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Author Topic: Previous DSLR users, are you happy with your mirrorless system?  (Read 6453 times)

owinthomas

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Re: Previous DSLR users, are you happy with your mirrorless system?
« Reply #40 on: May 22, 2017, 07:39:11 PM »

One happy bunny here.

I went the Fujifilm route (X-Pro1, X-T1 and a bunch of lenses. I've recently traded the X-Pro1 for X-Pro2) from Canon.

I've never regretted the move and my back and shoulders thank me every time I go out shooting.
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Del

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Re: Previous DSLR users, are you happy with your mirrorless system?
« Reply #41 on: May 22, 2017, 10:51:12 PM »

It took me a long time to pull the trigger, much longer than I even imagined in the face of most of my friends leading the way.  I went from Canon and a lot of glass to Fuji Xpro-2 and three lenses to date (just into it about 6 weeks at this point).  I feel liberated.  I still have my Canon's and some glass for birding, etc.

I also print a lot (shows my age apparently), but I just love it. I don't really regret not jumping on the bandwagon, but am glad I now have.  But hey, I still buy Vinyl to play on my 1977 Vintage Stereo Equipment-and I don't see that changing-ever.
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bernie west

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Re: Previous DSLR users, are you happy with your mirrorless system?
« Reply #42 on: May 24, 2017, 02:13:35 AM »

I've just sold all my nikon full frame gear and moved to fujifilm x.  I've used a X100 a couple of years ago, but had pretty much forgotten the feeling.  The first thing that I really miss is looking through a big TTL viewfinder.  It's hard to beat that clarity and feeling.  While the EVF's are great, it's just not the same.  I guess it's just a matter of getting used to them.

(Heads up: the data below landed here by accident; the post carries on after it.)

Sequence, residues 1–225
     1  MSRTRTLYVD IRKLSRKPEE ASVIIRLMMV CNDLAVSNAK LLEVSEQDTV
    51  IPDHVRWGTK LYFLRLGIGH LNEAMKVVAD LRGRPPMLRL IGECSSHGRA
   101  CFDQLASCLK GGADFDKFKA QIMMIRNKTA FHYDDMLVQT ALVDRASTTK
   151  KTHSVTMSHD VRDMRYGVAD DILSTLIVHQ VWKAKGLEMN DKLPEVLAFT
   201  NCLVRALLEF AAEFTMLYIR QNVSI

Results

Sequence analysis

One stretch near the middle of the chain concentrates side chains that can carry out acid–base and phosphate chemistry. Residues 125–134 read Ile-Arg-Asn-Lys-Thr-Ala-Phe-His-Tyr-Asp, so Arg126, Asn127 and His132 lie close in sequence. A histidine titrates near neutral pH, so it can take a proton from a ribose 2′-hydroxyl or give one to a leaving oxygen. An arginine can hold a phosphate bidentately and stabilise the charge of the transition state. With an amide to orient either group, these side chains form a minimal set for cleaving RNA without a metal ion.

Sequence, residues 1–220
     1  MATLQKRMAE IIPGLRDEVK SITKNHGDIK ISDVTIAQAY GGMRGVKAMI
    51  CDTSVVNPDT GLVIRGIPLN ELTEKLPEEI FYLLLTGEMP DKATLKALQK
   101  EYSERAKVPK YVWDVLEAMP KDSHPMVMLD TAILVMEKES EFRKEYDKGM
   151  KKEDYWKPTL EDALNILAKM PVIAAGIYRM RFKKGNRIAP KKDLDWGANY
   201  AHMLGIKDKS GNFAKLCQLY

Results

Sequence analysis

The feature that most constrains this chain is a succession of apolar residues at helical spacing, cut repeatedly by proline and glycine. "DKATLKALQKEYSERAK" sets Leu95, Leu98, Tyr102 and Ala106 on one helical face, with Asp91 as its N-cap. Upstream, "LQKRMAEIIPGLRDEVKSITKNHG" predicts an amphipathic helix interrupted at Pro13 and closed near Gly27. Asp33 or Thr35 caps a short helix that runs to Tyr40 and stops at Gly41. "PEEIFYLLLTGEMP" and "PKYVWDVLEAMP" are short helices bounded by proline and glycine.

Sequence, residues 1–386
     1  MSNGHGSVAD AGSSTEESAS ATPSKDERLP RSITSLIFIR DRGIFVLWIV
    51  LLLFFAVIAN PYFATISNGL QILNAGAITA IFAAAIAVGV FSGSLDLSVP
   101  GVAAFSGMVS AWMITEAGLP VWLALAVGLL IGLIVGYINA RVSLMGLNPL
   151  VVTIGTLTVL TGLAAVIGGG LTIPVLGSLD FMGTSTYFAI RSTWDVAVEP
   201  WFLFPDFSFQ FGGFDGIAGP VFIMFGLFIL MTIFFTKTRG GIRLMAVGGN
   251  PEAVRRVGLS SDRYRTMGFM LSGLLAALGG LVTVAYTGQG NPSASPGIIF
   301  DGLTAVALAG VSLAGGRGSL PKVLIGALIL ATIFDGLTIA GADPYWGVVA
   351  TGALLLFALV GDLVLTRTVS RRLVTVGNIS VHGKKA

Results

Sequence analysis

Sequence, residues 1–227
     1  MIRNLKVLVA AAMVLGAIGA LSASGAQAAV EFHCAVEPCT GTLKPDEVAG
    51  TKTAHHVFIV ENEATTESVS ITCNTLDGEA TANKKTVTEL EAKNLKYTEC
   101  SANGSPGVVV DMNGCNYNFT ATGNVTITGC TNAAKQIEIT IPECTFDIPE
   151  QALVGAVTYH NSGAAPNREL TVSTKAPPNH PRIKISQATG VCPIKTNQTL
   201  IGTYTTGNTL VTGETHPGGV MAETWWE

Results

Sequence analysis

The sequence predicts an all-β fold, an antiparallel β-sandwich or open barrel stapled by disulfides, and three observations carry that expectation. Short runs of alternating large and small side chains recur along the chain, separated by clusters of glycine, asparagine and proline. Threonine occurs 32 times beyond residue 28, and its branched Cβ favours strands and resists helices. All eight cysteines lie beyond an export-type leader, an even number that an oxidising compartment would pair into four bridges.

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Petrus

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Re: Previous DSLR users, are you happy with your mirrorless system?
« Reply #43 on: May 24, 2017, 05:11:26 AM »

I have a full complement of pro Nikons and lenses provided by the publishing company I work for, but during the last few years I have started to use my own set of Fujis more and more, especially on reportage type assignments. First X-Pro1, then X-T1 and now 2 X-T2 bodies. They are just so much lighter and smaller and lack nothing in image quality (well, 800e still has a slight edge). They are also much quieter, an extra bonus sometimes.

After retirement (just 5 weeks left...) I am not going to take the DSLRs with me but plan to use just the Fujis, and also my wife's Sony RX10 III for birding. Technology has come a long way, not only during my whole 40 year career, but only during the past few years. Faster, lighter, optically better cameras with great sensors. Cheap.